The AFL Thinks These Are The 14 Issues New CEO Gillon McLachlan Needs To Address

Incoming AFL chief exec Gillon McLachlan at the media conference announcing his appointment today. Photo: Getty.

The AFL’s deputy CEO Gillon McLachlan will take over from his boss, Andrew Demetriou, as chief executive in June, the AFL announced today.

McLachlan, 41 and father of three young girls, who played university-level Australian rules in the 1990s, has law and commerce degrees. He has worked for the AFL for 14 years and was appointed chief operating officer in 2008, steering the league’s media strategy and $1.25 billion broadcasting deal, as well as club expansion and stadium infrastructure.

Of course one of McLachlan’s biggest successes is establishing the AFL’s own media division and website , which today outlined the issues the issues they think the organisation’s incoming leader has to tackle.

1. Declining crowds
Crowd numbers are down 2% on last year and alongside live broadcasts of every game, the AFL thinks “variable ticket pricing has been poorly thought out and poorly explained”, and the cost, alongside the expense of freshments, needs to be tackled. “Making ticket pricing simpler would be a good start” they say.

2. The state of the game on the field
Conscious of criticism that the game seems bogged down in contests for the ball on the ground, the AFL uses the Socrates defence, pointing to a 110-year-old newspaper report to suggest it’s been ever thus.
“McLachlan need not worry about radical rule changes. Winding back the interchange numbers should be enough to sort things out,” they say.

3. Equalisation
“A massive challenge” with the gap between poor and rich clubs growing, they say, but it’s currently being investigated – even a “luxury tax” is being mooted – with the response due mid year. “McLachlan’s renowned negotiating skills will be needed to thrash out the finer details,” they say.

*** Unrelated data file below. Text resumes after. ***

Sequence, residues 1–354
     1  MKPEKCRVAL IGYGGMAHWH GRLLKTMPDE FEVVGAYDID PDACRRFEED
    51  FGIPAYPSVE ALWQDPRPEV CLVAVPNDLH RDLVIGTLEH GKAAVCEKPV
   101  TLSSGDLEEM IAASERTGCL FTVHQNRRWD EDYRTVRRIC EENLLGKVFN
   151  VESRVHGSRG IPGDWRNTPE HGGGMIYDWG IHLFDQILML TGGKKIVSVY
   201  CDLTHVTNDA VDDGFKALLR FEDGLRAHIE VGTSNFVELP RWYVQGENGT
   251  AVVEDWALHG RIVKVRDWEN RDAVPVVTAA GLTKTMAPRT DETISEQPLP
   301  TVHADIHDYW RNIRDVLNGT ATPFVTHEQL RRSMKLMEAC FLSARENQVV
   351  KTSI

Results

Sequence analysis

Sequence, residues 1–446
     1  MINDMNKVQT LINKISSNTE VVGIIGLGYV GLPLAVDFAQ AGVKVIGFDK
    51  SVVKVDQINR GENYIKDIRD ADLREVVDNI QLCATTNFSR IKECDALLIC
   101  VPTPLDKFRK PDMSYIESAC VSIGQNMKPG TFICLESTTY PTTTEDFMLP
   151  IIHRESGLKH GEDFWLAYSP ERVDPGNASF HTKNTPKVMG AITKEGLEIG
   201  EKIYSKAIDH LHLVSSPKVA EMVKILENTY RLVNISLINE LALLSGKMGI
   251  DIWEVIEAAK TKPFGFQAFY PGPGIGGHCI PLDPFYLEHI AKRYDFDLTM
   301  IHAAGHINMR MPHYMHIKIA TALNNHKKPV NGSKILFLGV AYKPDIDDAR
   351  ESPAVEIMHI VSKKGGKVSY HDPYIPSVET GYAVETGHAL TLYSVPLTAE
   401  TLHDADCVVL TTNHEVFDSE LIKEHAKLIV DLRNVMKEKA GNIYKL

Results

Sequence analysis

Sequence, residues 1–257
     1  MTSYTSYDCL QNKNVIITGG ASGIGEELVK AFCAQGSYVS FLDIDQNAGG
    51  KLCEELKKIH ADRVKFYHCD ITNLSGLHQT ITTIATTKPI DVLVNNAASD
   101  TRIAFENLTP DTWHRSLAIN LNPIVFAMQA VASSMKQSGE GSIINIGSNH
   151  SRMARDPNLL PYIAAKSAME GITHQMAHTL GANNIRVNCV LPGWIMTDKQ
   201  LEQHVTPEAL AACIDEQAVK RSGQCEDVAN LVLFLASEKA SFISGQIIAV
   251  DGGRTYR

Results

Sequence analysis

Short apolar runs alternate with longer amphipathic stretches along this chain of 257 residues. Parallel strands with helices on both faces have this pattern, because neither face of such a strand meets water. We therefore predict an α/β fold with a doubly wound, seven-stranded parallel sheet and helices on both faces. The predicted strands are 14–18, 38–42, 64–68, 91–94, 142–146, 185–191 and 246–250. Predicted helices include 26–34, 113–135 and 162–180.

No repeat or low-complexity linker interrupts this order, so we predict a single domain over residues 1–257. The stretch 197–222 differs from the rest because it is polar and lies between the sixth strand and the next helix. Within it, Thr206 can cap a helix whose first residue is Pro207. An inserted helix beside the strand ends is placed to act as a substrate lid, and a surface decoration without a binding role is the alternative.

4. The next broadcast rights deal
There’s 2.5 years left to run on the current deal, and the new boss has set the end of 2015 as the deadline for a new arrangement, which could last for up to 10 years. Streaming for TV is one of the issues on the table and former News Ltd boss Kim Williams will make things tough for aspiring rights holders.

5. A night Grand Final
When they say “there is a strong likelihood” of a shift to a “twilight or night slot in the not-too-distant future”, their thinking couldn’t be more obvious.

6. Securing the integrity of the game
Information sharing, gambling, illicit and performance-enhancing drugs are “problem areas” they say.

7. Growth of the expansion clubs
Making GWS and the Gold Coast financially viable is the challenge. Apparently McLachlan thinks 18 clubs is enough for another decade.

8. The Sydney market
Taking a dig at the NRL for trying to poach its new CEO, the AFL sees the NRL and its aim to be the nation’s highest participation sport in five years as “a significant challenge” in NSW.

9. The Brisbane Lions
Falling membership and income, a $1.5 million loss in 2013 are a headache, but the AFL has tossed the club a lifetime and says it “wants the Lions to succeed”.

10. International exposure
New Zealand games are the limit of McLachlan’s current ambitions.

11. Tasmania
A change of heart has already emerged from previous plans to send mainland teams down there to play. “My vision for Tasmania is we have a one-state approach that means the north and the south working together coming behind one team,” McLachlan said. So it’s a matter of knocking heads together down there, especially anyone with two already.

12. Purchasing Etihad Stadium
It’s there’s for $1 in 2025, but the thinking is nabbing it earlier offers the chance to cut better revenue deals for St Kilda, North Melbourne and the Western Bulldogs. The thinking is TV rights will pay for it, but McLachlan says buyer and seller are a long way apart on price.

13. Football on Good Friday
“Highly likely” in 2015. Question is who gets this prized Easter egg.

14. Developing and retaining off-field talent
The administration and coaching side of the business is a growing difficulty, which even Demetriou acknowledged. No hints on a solution were offered.

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